Acton Institute Powerblog

BET’s “Read A Book” Is Satirical Not Racist

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One of the sad legacies of the civil-rights movement is that anyone who makes a critical comment about bad dimensions of black life in America is automatically branded a racist. This is silly. The New York Times reports today on the uproar regarding a recent BET satirical cartoon called “Read A Book” which is circulation in Some are claiming that the video is racist.

In a gloss on the hip-hop videos frequently shown on BET, an animated rapper named D’Mite comes on with what looks like a public service message about the benefits of reading, but devolves into a foul-mouthed song accompanied by images of black men shooting guns loaded with books and gyrating black women with the word “book” written on the back of their low-slung pants. The uncensored cut is making the rounds on YouTube, while a cleaner version was shown on BET.

The cartoon, which represents an effort by the network to broaden its programming, was the subject of an article on Friday in The Los Angeles Times, which noted that the network has been “long criticized for showing gangsta rap videos and those with scantily clad female dancers.”

The video does have bad language but it’s meant to make a point: stupid is as stupid does. The cartoon is protesting the fact that the ghetto-mentality encourages the following:

(1) Ignorance as a goal. The cartoon encourages viewers to read. You rarely ever hear popular radio hip hop encouraging listeners to enlighten their minds. A strong emphasis on education has always been a strong pillar of black life in America until recently.

(2) Irresponsible fatherhood. The cartoon encourages men to take care of their own kids. Popular radio hip hop often celebrates parental irresponsibility.

(3) Financial irresponsibility. The video encourages viewers to buy property instead of rims for their cars. What’s odd is that Chris Rock makes the exact same comments about the stupidity of wasting money on rims for worthless vehicles but Rock is never called “racist.”

(4) Bad personal hygiene and grooming. The video encourages viewers to take better care of themselves–dental care, bathing, deodorant, etc.

The burning question remains: how is this video racist? BET does not need to apologize for showing the satire. I hope more cartoons like this emerge to expose just how the self-sabotaging dimensions of the ghetto-mentality are destroying a segment of American culture.

What we really need is a conversation on what constitutes real racism. Pointing out ignorance, regardless of the racial expression, moves us closer to the truth and to confuse this with racism will keep many blacks from making any progress. In fact, to point out ignorance and conclude that such comment is the same as mocking blacks in general is the most racist position of them all. “Black” and “ghetto ignorance” are not synonyms.”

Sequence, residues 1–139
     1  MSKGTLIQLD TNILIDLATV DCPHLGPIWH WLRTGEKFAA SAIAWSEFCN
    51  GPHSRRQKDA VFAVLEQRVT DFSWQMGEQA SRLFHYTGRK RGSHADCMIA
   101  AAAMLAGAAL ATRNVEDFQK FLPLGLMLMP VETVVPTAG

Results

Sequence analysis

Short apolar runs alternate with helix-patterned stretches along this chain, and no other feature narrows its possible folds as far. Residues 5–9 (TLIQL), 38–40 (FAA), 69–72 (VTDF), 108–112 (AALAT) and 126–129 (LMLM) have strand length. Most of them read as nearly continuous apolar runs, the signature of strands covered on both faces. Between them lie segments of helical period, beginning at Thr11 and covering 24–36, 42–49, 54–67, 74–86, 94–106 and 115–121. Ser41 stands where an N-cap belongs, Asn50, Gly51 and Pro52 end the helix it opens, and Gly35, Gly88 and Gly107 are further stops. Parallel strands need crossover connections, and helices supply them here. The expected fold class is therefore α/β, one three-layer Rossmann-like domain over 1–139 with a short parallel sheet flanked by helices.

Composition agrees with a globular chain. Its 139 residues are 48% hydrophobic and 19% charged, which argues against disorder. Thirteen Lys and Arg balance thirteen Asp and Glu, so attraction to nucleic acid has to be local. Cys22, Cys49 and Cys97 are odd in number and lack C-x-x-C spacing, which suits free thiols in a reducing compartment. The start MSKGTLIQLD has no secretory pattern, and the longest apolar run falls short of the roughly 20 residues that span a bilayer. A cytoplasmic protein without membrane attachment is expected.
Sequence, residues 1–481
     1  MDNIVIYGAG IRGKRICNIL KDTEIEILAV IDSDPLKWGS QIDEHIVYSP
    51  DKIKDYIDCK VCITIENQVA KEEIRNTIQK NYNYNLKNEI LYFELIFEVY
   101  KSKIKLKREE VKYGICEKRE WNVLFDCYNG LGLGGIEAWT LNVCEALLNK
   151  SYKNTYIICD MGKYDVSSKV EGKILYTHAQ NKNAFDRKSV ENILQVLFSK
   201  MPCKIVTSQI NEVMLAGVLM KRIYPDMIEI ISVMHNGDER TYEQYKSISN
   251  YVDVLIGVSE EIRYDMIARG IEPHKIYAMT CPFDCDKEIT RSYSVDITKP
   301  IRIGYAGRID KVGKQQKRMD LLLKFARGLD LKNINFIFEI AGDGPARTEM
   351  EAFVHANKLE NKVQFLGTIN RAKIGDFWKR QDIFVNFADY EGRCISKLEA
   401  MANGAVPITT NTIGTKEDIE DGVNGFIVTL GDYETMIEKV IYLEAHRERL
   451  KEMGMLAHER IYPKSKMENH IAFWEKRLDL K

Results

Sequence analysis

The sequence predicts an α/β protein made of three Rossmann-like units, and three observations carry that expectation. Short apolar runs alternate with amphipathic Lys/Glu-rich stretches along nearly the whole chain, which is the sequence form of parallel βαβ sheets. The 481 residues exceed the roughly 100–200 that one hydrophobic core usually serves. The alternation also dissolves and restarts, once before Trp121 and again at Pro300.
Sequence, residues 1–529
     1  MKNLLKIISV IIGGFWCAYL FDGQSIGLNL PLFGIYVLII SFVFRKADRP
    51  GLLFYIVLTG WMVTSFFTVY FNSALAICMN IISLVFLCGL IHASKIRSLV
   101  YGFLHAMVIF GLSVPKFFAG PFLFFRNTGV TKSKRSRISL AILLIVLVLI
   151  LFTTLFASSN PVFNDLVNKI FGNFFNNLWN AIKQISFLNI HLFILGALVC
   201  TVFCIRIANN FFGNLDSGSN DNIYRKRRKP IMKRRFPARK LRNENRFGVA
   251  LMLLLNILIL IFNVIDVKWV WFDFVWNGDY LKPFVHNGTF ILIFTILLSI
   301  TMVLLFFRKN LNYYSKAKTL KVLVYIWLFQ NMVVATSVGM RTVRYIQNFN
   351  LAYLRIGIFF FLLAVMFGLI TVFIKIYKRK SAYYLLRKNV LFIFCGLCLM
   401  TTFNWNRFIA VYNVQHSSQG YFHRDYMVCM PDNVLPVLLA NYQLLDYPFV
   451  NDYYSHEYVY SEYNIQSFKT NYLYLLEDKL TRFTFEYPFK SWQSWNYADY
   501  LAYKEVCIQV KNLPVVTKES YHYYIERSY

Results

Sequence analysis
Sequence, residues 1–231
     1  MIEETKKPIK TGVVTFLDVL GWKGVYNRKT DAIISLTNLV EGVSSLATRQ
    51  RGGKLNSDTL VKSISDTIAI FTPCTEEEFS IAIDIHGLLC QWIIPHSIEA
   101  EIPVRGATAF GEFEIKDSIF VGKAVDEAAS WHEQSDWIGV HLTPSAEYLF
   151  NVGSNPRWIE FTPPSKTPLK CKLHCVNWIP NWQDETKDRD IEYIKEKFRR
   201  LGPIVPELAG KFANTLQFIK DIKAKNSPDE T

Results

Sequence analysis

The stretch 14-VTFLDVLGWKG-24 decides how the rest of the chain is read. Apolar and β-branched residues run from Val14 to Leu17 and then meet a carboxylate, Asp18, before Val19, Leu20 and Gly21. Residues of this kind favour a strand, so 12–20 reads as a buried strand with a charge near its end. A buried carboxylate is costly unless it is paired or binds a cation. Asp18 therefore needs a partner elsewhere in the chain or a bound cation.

What is most helpful is if black cultural elites would put the black-community-as-sacred-cow to death. It’s not helping any of us.

Anthony Bradley Anthony Bradley, Ph.D. is Associate Professor of Theology and Ethics in the Public Service Program at The King's College in New York City and serves as a Research Fellow at the Acton Institute. Dr. Bradley lectures at colleges, universities, business organizations, conferences, and churches throughout the U.S. and abroad. His books include: Liberating Black Theology: The Bible and the Black Experience in America (2010),  Black and Tired: Essays on Race, Politics, Culture, and International Development (2011),  The Political Economy of Liberation: Thomas Sowell and James Cone of the Black Experience (2012), Keep Your Head Up: America's New Black Christian Leaders, Social Consciousness, and the Cosby Conversation (2012), Aliens in the Promised Land:  Why Minority Leadership Is Overlooked in White Christian Churches and Institutions (forthcoming, 2013). Dr. Bradley's writings on religious and cultural issues have been published in a variety of journals, including: the Atlanta Journal-Constitution, the Detroit News, and World Magazine. Dr. Bradley is called upon by members of the broadcast media for comment on current issues and has appeared C-SPAN, NPR, CNN/Headline News, and Fox News, among others. He studies and writes on issues of race in America, hip hop, youth culture, issues among African Americans, the American family, welfare, education, and modern slavery. From 2005-2009, Dr. Bradley was Assistant Professor of Systematic Theology and Ethics at Covenant Theological Seminary in St. Louis, MO where he also directed the Francis A. Schaeffer Institute.   Dr. Bradley holds Bachelor of Science in biological sciences from Clemson University, a Master of Divinity from Covenant Theological Seminary, and a Doctor of Philosophy degree from Westminster Theological Seminary.  Dr. Bradley also holds an M.A. in Ethics and Society at Fordham University.